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The Hamsa (symbolic hand) has Sephardic Jewish Roots

Popular in jewelry, ceramics, and pottery art the five-fingered, hand-shaped symbol, called the Hamsa, commands a prominent place in Jewish tradition, so much so that historians believe that it is as ubiquitous as the Magen David (Star of David).

The word, “Hamsa” derives from the Hebrew word for the number five, is rich in Sephardic Jewish tradition.  The symbol was first used by the Jewish people of Mediterranean countries.  The Jews of Morocco, Spain, Portugal, and Italy referred to the Hamsa as the “Hand of Miriam” because they believed that, just as Miriam protected her baby brother Moses, the Hamsa had the same protective powers.

Later on, Jews in Eastern Europe referred to the Hamsa as a symbol for the Creator’s protective hand.  One thousand years later the Hamsa appeared in Muslim culture as the “Hand of Fatima.”

The popular website, “My Jewish Learning,” answers the question, “What is a Hamsa and what makes it Jewish?

In many depictions, the Hamsa features an eye embedded in the palm of an open hand which gave rise to the Islamic explanation that the Hamsa symbolized the “Eye of Fatima” or the “Hand of Fatima.”  For Jews the symbol was described as the “Hand of Miriam.” Thus, the Hamsa has been variously interpreted by scholars as both a Jewish, and an Islamic amulet recognized for its Kabbalistic roots and an important symbol in Jewish tradition.

Historians believe that the Hamsa first appeared on the Puerta Judiciaria (Gate of Judgment) of the Alhambra, a 14th-century Islamic fortress in southern Spain. However, it would not have been unusual for an Islamic symbol to find its way into Sephardic Jewish culture, especially since Jews and Muslims lived together peacefully for centuries. This is especially true in Sicily where the two cultures and religions lived, worked, and observed sided by side for more than 300 years.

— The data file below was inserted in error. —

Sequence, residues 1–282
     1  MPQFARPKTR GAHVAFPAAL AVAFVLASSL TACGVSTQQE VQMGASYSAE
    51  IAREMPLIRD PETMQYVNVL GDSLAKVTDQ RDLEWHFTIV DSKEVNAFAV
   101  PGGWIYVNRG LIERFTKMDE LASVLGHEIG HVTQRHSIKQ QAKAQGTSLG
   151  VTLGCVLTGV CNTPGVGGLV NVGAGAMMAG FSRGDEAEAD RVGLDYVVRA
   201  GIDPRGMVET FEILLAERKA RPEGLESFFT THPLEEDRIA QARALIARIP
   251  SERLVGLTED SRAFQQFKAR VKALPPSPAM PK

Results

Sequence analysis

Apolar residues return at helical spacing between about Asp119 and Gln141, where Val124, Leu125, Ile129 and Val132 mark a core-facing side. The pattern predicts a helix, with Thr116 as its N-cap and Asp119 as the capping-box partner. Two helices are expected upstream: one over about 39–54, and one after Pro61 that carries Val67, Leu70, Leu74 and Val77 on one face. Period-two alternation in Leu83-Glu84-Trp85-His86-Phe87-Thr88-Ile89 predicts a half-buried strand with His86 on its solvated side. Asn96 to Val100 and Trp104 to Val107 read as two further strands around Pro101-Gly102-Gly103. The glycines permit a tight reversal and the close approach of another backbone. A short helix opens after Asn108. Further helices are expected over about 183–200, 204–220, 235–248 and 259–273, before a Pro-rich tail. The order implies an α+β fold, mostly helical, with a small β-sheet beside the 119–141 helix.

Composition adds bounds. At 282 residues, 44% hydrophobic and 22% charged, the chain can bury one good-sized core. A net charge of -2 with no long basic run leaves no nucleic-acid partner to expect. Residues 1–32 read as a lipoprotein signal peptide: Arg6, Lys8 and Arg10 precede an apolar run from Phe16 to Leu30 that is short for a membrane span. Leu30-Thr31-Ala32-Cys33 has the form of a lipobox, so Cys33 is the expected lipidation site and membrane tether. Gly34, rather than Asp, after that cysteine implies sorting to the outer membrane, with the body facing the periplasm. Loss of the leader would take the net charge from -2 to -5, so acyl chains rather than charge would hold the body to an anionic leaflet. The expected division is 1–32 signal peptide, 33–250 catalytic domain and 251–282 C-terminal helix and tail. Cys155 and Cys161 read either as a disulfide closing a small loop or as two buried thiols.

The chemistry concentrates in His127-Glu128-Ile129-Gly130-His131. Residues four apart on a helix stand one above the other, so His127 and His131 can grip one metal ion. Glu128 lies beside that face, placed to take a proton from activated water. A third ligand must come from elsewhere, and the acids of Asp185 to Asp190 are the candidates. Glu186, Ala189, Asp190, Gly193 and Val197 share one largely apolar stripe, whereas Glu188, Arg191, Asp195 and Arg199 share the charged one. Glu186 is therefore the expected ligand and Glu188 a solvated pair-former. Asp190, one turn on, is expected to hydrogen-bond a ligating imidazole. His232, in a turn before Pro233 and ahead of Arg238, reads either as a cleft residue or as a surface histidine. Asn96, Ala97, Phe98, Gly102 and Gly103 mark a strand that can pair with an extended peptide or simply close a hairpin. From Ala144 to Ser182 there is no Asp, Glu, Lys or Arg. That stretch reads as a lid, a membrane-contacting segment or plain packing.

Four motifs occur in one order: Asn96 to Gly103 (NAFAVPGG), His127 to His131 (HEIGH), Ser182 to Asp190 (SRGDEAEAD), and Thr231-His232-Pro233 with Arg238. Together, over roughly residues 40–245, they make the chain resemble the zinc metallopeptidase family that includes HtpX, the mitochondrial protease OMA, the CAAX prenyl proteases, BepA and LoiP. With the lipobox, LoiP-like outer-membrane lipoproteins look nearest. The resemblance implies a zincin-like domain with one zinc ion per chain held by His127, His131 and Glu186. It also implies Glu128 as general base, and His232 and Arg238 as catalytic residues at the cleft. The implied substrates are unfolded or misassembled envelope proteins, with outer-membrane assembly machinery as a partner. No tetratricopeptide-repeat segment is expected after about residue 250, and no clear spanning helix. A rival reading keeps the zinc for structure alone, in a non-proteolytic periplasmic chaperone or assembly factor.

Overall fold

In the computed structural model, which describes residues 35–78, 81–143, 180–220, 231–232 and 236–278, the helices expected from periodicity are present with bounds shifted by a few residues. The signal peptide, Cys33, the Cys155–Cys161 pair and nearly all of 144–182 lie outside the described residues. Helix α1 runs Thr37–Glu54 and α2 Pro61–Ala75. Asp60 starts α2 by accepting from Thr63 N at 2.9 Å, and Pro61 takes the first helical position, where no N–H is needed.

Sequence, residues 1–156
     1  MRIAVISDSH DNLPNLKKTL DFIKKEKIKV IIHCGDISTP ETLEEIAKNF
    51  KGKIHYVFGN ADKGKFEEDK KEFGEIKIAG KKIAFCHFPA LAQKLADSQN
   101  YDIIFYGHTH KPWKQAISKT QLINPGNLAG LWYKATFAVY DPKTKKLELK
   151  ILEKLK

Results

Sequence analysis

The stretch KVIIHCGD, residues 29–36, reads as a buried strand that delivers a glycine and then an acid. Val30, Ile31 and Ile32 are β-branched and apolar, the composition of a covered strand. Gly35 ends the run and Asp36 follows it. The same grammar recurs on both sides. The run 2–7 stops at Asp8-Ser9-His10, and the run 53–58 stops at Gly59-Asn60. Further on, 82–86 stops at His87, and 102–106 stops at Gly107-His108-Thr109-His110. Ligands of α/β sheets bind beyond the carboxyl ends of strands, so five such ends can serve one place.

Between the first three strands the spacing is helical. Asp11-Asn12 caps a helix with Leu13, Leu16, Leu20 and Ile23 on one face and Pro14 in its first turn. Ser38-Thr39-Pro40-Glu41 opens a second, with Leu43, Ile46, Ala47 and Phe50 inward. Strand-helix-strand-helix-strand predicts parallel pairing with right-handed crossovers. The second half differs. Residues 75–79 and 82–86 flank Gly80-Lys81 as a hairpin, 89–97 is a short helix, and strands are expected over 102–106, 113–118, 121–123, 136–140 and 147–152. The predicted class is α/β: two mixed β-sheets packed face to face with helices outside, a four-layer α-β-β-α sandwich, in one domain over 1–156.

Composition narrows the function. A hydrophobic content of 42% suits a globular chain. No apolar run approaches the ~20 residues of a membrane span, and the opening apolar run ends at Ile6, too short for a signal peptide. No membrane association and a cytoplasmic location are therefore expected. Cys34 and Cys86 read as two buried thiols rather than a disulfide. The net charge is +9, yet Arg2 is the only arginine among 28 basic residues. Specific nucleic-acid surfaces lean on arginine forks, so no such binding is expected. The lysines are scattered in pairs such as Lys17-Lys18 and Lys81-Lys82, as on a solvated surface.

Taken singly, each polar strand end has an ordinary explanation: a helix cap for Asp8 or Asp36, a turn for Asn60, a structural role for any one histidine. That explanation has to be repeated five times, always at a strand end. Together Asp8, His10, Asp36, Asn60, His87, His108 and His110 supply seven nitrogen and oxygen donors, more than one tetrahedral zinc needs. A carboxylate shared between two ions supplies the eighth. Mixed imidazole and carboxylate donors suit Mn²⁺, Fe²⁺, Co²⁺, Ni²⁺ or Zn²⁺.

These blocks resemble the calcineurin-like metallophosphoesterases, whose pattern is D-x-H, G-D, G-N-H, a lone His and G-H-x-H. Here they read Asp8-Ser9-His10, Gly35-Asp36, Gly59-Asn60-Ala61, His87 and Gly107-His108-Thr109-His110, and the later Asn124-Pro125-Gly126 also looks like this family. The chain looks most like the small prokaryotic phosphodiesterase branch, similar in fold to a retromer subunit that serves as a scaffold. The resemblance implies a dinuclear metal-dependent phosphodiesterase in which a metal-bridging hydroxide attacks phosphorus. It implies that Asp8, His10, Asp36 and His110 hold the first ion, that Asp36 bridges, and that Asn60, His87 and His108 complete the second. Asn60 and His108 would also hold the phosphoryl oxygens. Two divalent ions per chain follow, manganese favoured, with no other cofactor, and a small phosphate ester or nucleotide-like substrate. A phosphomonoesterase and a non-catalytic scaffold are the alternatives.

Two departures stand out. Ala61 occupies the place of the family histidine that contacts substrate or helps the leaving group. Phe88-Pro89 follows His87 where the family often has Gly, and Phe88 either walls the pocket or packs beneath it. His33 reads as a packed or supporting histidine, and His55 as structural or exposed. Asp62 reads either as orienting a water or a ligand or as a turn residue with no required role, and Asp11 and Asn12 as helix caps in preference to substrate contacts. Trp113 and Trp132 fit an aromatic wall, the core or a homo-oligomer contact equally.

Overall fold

My Jewish Learning states that “It is difficult to pinpoint the exact time when Hamsas emerged in Jewish culture, though it is clearly a symbol of Sephardic nature.” Experts contend that for Jews the Hamsa may have symbolized the hand of God and that the person carrying the Hamsa would counter the effects of the Evil Eye.

Interestingly, the ancient tradition of the Hamsa can be found in Sephardic Jewish rituals. Among the more popular is the henna ceremony when a bride’s hands are decorated with elaborate designs, among them the hamsa symbol. In addition, Sephardic Jewish brides may add the wearing of a Hamsa as a bracelet or necklace, even when tradition requires that jewelry not be worn on the wedding day.

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